After Felix opened to raves, Zuccarini became a unicorn in the restaurant world—not one flop, not one failed concept. Then came 2020. “Covid made us illegal overnight,” she says. Revenue ceased and layoffs ensued across the group. Gusto 54 shuttered a property: Gusto Green, a wellness-and-cannabis restaurant in a slightly underdeveloped part of downtown LA that lasted only a few months. It is the sole restaurant Zuccarini has ever closed. “I knew that neighbourhood was going to take 10 years to come around after Covid,” she says. “I wasn’t willing to wait.”
But, before the pandemic, Zuccarini had been scoping out a different part of LA. She noticed that West Hollywood was feeling dusty and overdue for destination dining. In 2020, a space freed up—a venerable Italian spot on Beverly Boulevard called Madeo was moving. The address was well known; paparazzi would wait outside to snap celebrities like Drake and Kristen Stewart. The timing for a new restaurant was terrible. The risk was high. Zuccarini was in.
Rob Gentile was walking his dog in Leslieville in early 2021 when he got a call from Zuccarini: Would he consider moving to LA? She caught him at a weird time—he was still smarting from the dissolution of Buca as he knew it. But Zuccarini had been blown away by Gentile’s food, which put him at the top of the list when she started planning her second LA restaurant. Gentile hadn’t been looking to leave Toronto, but Zuccarini coaxed him out to California for a visit. Once there, he cooked a six-course meal for her and some early investors at art dealer Larry Gagosian’s house, everything sourced from Santa Monica farmers’ markets. Artichoke salad. Pasta with spot prawns and stuffed zucchini flowers. Pizzas. Branzino crudo. Peaches and zabaglione with amoretti. Gentile was a quick convert: the ingredients were staggeringly good—maybe a West Coast climate was the tool he needed to take his craft to the next level. “Creatively speaking, I wasn’t happy for a very long time,” he says. “Stella was an opportunity to make a change in my life.”
Zuccarini seems to excel at building a safe harbour for wounded food virtuosos. “I like working with someone who’s very talented and has had a bit of a setback,” she says. “They come back hungry.” The popular Thai restaurants Pai and Kiin came under the Gusto 54 banner when chef Nuit Regular split from her former partner at Khao San Road. And when Zuccarini first called Evan Funke, seeking a chef for her Venice Beach spot, his phone wasn’t exactly ringing off the hook. After Bucato’s collapse, he had been named as a defendant in a civil suit, though his name was later dropped.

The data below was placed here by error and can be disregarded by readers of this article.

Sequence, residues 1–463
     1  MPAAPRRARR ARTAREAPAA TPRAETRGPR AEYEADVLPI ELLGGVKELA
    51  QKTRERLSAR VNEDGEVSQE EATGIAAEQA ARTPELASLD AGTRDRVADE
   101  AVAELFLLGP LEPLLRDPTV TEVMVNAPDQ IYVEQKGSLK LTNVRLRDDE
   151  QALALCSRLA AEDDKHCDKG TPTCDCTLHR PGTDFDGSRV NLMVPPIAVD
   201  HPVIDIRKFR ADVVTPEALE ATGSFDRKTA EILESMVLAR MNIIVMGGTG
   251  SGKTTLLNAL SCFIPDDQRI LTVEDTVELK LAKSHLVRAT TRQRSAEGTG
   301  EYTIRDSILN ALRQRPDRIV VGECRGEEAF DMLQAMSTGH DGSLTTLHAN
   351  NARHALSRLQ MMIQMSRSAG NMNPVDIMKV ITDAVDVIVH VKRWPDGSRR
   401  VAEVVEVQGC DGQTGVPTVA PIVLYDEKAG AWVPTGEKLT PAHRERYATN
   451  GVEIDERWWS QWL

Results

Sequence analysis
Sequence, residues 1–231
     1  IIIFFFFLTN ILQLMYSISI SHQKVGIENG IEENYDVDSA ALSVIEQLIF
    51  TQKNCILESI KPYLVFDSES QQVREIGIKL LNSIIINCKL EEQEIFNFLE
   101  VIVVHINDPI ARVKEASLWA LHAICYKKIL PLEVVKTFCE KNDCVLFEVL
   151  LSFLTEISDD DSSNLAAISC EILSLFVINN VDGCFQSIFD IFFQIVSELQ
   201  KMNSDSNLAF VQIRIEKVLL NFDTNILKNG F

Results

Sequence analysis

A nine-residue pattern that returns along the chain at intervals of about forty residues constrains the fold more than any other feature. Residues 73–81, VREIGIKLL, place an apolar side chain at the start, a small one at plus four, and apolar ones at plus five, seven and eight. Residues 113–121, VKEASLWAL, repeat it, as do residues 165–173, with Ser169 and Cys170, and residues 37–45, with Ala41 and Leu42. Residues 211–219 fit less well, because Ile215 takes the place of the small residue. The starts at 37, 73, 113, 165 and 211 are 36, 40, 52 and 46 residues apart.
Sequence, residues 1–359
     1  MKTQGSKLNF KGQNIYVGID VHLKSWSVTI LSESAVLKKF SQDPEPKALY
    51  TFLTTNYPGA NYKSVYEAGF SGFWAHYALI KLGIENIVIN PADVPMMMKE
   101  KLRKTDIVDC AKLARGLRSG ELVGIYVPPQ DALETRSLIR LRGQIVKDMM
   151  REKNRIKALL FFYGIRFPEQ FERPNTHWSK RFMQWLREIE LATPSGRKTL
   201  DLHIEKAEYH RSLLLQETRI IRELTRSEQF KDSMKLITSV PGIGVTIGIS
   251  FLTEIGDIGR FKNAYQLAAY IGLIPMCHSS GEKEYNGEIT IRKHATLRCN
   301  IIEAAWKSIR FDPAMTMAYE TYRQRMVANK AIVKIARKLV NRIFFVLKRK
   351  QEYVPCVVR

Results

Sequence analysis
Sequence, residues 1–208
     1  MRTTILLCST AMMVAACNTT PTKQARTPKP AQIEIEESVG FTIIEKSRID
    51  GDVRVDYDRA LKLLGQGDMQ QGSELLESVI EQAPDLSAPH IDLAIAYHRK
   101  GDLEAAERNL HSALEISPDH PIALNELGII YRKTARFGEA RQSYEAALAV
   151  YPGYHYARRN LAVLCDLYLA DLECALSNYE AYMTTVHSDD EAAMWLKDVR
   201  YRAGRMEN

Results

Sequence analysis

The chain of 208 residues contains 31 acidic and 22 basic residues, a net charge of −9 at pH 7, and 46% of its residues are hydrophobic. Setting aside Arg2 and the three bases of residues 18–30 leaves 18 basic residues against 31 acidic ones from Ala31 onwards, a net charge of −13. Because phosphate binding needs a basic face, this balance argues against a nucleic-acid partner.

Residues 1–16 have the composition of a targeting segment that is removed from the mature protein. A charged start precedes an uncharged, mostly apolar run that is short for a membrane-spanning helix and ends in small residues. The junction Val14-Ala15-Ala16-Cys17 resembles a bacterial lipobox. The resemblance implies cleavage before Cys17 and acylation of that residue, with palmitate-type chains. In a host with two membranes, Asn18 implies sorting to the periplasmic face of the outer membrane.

Funke had no idea who Zuccarini was, but he was receptive to a pitch from a calm restaurateur with a solid track record and a spot on Abbot Kinney, the most walkable street in Venice. Funke flew to Toronto to cook for her, exquisitely. Zuccarini was smitten with the trofie al pesto and the airy rosemary-topped focaccia, declaring his food casalinga, the cooking style of housewives, aunts and nonnas. Funke loved that.
His recent flameout was of no interest to Zuccarini. “Finding a chef is the single hardest thing about running a restaurant,” she says. “I liked him. I know that I’m never really going to know somebody inside and out. I get a feeling.”
A glass-walled pasta lab sits in the middle of Felix, and diners can watch chefs—sometimes Funke himself, the biggest fish in the fishbowl—rolling dough by mattarello, a long wooden rolling pin. Felix relaunched Funke’s career, turning him into a true celebrity chef, with a book, TV appearances on Today and new restaurants. His Italian spot Mother Wolf opened in Hollywood in 2022, the eponymous Funke in Beverly Hills earlier this year. Both were hits, and while he’s still the face of Felix, neither of his new restaurants have anything to do with Gusto 54. I’m curious how this sits with Zuccarini: Did she rehabilitate his reputation only to watch the Funke brand spread across LA without her?
“When Mother Wolf opened, it was disappointing,” she says, acknowledging that Gusto was in post-pandemic recovery mode at the time. “I wish I could have done more with Evan, but he got scooped up. He was offered incredible deals. I told him, ‘Go, son, go with the money.’ ”